Strawberry-filled Sykesville

Taste: First fruit of summer is main ingredient -- and topping and side dish -- at old-fashioned festival, one of several scheduled in Carroll this month.

June 13, 1999|By Brenda J. Buote | Brenda J. Buote,SUN STAFF

The season's first home-grown fruit was celebrated yesterday in Sykesville, at the town's 16th annual Old-Fashioned Strawberry and Ice Cream Festival.

The event, sponsored by the Sykesville Historic District Commission, drew some 300 people to the Gate House Museum of History for sundaes, shortcake and succulent strawberries served with whipped cream.

Young girls wearing long skirts and friendly smiles waited on visitors under a yellow and white canopy, dishing up berries by the bowl or quart.

"It's a good way to get together with other people in the community and rub elbows. Every time we come, we meet new people," said Gordon Holder of Sykesville, who was at the festival with his wife, Pam, and three generations of the Holder family: his mother, Doris Holder, sister Gale Ratley and 2-year-old daughter Amanda.

"This has always been a family event," said Sykesville Mayor Jonathan S. Herman, whose wife, Becky, baked the shortcake served at the festival this year.

"It gives people a chance to meet their neighbors and instills in them a sense of community pride in the town," Herman added. "And for those who aren't familiar with Sykesville, it gives them a chance to come and enjoy the town in a relaxed atmosphere."

Visitors also had a chance to learn about the town's history. The museum, usually closed Saturdays, was open during the three-hour festival.

"I had been meaning to visit the museum for quite some time, but never got the chance. This seemed like the perfect opportunity," said Barbara Mooney, who moved to Finksburg from Baltimore in December. "I love to look at all the old things."

Several visitors said they admired the museum's collection of items from the Baltimore and Ohio Railroad, which came to town in 1831.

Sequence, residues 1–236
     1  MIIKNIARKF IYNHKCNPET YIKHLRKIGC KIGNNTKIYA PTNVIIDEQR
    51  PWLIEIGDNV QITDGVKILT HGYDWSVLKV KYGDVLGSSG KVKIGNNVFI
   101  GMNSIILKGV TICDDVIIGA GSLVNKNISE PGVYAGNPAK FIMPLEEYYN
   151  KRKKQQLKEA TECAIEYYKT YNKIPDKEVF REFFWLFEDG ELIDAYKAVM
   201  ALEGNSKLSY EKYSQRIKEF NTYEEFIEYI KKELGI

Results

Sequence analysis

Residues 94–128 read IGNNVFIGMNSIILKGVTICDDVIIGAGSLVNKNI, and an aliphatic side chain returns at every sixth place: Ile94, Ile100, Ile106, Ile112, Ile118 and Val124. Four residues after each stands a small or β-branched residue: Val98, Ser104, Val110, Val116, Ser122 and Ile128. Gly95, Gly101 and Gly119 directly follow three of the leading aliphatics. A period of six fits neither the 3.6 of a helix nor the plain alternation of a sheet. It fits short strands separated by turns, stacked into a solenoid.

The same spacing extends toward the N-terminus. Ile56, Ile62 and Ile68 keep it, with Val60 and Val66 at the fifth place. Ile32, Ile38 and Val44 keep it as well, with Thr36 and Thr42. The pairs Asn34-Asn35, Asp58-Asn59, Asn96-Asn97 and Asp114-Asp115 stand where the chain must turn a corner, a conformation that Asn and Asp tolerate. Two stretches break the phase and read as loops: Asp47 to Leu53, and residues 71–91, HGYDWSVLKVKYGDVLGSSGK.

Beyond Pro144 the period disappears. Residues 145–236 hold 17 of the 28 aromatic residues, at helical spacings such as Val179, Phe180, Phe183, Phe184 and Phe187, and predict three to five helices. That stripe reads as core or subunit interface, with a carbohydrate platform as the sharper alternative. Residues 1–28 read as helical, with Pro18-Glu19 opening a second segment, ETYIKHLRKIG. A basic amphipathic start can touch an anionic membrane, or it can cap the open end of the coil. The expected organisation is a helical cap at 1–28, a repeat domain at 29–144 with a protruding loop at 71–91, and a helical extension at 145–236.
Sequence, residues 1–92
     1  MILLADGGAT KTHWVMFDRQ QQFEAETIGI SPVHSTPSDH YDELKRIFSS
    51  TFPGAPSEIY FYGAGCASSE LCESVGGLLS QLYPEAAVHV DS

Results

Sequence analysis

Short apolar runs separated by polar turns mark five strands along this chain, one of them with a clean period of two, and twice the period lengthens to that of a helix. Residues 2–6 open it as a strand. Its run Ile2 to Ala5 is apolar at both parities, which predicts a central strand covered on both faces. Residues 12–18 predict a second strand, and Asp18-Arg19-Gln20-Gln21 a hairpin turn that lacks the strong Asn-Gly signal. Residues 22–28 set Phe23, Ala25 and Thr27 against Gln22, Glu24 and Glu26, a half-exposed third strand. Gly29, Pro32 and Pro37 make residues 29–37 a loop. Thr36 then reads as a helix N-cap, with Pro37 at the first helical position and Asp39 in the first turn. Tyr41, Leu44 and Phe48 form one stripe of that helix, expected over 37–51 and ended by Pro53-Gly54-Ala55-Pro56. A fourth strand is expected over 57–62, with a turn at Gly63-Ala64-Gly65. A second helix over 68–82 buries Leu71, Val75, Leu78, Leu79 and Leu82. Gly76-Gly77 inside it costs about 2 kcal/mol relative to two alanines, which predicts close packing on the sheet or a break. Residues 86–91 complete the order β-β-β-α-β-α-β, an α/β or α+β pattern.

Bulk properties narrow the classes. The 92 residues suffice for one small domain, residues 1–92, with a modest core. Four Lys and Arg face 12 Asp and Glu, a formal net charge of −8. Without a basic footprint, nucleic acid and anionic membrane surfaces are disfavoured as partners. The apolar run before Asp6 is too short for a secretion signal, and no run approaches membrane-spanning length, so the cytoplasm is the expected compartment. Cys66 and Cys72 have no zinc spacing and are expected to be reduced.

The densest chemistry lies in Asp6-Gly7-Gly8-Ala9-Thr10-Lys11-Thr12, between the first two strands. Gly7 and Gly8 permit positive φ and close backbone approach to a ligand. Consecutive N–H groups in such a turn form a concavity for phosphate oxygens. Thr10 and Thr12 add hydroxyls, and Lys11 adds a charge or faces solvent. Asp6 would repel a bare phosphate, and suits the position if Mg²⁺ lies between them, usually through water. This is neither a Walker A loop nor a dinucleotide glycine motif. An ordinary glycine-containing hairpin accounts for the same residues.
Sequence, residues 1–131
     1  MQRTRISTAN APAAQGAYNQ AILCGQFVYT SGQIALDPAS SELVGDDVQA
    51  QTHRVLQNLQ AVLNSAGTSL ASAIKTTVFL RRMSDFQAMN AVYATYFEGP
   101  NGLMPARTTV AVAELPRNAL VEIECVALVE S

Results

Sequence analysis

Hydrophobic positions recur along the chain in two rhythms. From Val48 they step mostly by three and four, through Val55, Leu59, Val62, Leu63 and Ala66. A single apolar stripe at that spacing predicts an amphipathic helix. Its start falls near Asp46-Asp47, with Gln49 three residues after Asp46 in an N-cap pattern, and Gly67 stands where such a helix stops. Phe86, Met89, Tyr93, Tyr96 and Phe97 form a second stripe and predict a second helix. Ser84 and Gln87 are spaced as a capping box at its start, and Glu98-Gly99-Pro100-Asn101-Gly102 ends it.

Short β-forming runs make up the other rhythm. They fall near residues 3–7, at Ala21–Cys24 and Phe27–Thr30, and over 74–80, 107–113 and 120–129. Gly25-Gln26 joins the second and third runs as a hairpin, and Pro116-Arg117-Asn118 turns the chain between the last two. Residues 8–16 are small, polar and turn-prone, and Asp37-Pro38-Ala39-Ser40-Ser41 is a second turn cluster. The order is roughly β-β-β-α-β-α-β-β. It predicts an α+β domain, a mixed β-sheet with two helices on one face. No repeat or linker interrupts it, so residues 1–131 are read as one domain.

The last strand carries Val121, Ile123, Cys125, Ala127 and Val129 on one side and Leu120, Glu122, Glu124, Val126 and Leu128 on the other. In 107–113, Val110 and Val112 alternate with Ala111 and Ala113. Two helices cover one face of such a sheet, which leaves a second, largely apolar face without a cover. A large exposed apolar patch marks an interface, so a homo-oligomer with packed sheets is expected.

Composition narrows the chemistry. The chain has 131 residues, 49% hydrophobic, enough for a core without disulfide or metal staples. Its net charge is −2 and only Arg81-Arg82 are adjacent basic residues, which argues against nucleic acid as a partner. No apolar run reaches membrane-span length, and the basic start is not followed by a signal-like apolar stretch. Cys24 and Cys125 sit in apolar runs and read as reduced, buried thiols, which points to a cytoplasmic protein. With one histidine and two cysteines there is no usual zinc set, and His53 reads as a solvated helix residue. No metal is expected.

Artifacts from the old Sykesville train station include an iron step stool, a telegraph key and an antique telephone.

As the young and young at heart enjoyed the sights, they were entertained by Terry Gourley, a local musician who sang English folk songs and soft melodies such as Lucinda Williams' "Passionate Kisses."

Gourley's sister, Mary Vial, and her family -- husband Gilbert J. Vial, 50, daughter Nicole Vial, 2, and son Gilbert D. Vial, 5 -- drove from Columbia to watch Gourley perform.

Event organizers said they were happy with the turnout and raised about $900 for historic preservation in the town.

The Sykesville festival was one of two celebrations held yesterday in Carroll in honor of the strawberry.

St. John's Lutheran Church in Westminster held its annual salute to the heart-shaped fruit from 4 p.m. to dusk.

Carroll's love affair with the strawberry will continue Saturdayas Linwood Brethren Church sponsors an event with ice cream and strawberries, strawberry milkshakes, pies and shortcake, as well as crafts, children's games and live music.

It will run from 2 p.m. to 8 p.m.

The season will wind down June 26 with Bethel United Methodist Church's 109th annual strawberry festival.

Berries and ice cream, baked goods, a white elephant sale, children's activities and music by the Gospel Travelers from Frederick will highlight the event, which is scheduled to run from 2 p.m. to 8 p.m.

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